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How do I leave my job and start a business? Dave Fishwick replies

I’ve been with the same company for nearly 20 years and feel ready for a new challenge. My passion is food and I’d like to start a food truck in my local area.

I’ve researched all of the red tape I’d need to cut to get started, such as hygiene requirements, leasing, supplier costs and competition and I was all set to go, but recent events have made me nervous, namely, the cost-of-living crisis.

I’m worried that people might start cutting back on non-essentials, such as takeaways, although I feel I have a strong USP that would prove popular where I live.

Trucking good idea? Our new regular columnist Dave Fishwick gives his views on ditching a well-paid job for a completely new venture (food truck: stock image)

I have the money to do it. I saved hard, am mortgage-free and have a supportive partner, but failure keeps me awake at night. 

Does this mean I’m not cut out to be a business owner and how do you muster the courage to get started?

I’m worried I’ll never take the plunge, someone else will launch something similar in the meantime and I’ll resent staying in my ‘safe’ job, being a cop-out and not trying. Via e-mail

Dave Fishwick, This is Money business doctor, replies: The first thing is passion – and it seems from your question that you have it.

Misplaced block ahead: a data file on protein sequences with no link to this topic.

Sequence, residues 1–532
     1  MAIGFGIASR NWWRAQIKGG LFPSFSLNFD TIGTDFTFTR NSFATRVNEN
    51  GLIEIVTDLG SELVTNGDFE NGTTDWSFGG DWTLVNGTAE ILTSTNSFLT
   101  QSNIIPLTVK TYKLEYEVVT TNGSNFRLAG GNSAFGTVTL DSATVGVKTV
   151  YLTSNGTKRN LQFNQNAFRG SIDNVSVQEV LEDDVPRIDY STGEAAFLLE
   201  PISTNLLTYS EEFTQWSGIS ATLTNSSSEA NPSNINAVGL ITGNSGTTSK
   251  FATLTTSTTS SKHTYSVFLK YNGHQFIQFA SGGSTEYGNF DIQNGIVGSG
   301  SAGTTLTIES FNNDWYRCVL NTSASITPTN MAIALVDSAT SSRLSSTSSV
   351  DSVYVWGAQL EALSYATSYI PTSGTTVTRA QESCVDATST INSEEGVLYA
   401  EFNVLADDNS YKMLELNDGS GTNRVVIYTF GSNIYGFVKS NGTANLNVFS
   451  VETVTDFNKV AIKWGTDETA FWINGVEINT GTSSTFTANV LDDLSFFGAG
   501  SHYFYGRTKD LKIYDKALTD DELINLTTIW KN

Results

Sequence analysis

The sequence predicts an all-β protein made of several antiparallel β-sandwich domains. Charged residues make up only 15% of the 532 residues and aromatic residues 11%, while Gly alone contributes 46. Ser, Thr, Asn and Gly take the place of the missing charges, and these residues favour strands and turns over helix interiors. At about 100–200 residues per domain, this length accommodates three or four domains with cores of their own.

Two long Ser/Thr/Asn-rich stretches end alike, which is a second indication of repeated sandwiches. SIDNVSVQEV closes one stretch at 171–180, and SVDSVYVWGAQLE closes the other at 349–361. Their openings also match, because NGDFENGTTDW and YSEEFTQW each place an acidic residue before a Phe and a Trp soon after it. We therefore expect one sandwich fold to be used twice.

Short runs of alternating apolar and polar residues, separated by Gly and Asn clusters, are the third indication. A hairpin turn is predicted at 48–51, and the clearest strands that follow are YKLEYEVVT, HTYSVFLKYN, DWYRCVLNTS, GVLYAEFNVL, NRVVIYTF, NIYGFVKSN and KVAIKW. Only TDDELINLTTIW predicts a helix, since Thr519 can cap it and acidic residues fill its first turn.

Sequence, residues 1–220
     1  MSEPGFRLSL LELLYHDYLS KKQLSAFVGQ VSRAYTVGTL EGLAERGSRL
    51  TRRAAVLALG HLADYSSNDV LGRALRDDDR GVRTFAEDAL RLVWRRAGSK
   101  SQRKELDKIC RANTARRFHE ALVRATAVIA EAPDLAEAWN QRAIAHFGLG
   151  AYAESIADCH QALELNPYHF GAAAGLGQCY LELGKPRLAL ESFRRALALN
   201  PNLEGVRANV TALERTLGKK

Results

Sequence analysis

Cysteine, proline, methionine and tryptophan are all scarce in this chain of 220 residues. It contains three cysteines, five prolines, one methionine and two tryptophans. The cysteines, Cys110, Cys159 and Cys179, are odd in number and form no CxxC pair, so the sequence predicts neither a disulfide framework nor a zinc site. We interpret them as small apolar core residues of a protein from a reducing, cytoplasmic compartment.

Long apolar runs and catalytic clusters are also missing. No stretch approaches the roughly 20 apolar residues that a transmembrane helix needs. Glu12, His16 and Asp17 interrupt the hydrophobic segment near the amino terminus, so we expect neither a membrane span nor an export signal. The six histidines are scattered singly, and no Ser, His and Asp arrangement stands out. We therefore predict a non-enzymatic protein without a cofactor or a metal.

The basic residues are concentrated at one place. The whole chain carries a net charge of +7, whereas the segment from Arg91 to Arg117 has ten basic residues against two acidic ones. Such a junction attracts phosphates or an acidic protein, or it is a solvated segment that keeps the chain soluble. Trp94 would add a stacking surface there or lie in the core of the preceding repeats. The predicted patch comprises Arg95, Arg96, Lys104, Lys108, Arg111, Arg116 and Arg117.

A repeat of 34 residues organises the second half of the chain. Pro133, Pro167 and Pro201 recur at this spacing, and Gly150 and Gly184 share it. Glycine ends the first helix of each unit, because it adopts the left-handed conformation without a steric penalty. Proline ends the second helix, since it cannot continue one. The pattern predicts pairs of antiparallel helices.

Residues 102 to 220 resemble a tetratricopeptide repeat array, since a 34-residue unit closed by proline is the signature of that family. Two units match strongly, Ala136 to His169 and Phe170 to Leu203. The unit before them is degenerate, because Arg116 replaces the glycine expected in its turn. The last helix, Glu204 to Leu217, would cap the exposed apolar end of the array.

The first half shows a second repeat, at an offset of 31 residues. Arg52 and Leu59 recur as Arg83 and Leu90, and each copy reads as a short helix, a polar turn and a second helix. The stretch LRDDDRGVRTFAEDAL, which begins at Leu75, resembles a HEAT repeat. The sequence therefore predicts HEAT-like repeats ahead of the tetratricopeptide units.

It is incredibly important. You need to love what your going to do, almost to the point that you would be prepared to do it potentially for free for a while, until you get on your feet.

A little caution can be helpful and my advice would be: don’t kick the sticks away of a good paying job until you have done all of your homework, and researched and costed the products properly that you are going sell. 

That applies to a food truck business, but essentially any business you’re tempted to start.  

I suggest testing the market to begin with, maybe at weekends or your days off – perhaps even as a part of any holiday you’ve accrued at your job. 

Try local markets, car boots, food fairs and other events. Build up a following, get that feedback and see where you potentially need to adapt and pivot. 

Dave Fishwick

Maybe consider delivering lunches to local businesses on a trial basis to keep your overheads at a minimum, ask for their feedback and suggestions.

This allows you to test which foods sell best, which are the most popular, and checking what works, and what doesn’t – and a hungry workforce can often be the harshest critic. 

You will be learning all about the costs of preparing different foods and meals, and testing to see if there is a demand for what you are selling, before you scale up to it full-time in your new business. 

This will help give you the confidence you need to be able to kick the sticks away and leave your job and enter the world of being self-employed and becoming your own boss.

I had two part-time jobs when I started my first business selling vehicles. This allowed me to pay my bills and eat. It was very hard work, but very helpful and definitely worth it.

It gave me experience in different jobs and also meant I could save hard and invest more into my business.  

These part-time jobs included being a DJ, often six nights a week – you can read more about my life story in this interview I did with This is Money deputy editor Lee Boyce earlier in the year. 

I predict challenging times ahead for many. However, people will always need to eat – and the popularity of takeaways shows no signs of slowing down. 

Have the courage to follow your dreams and good luck.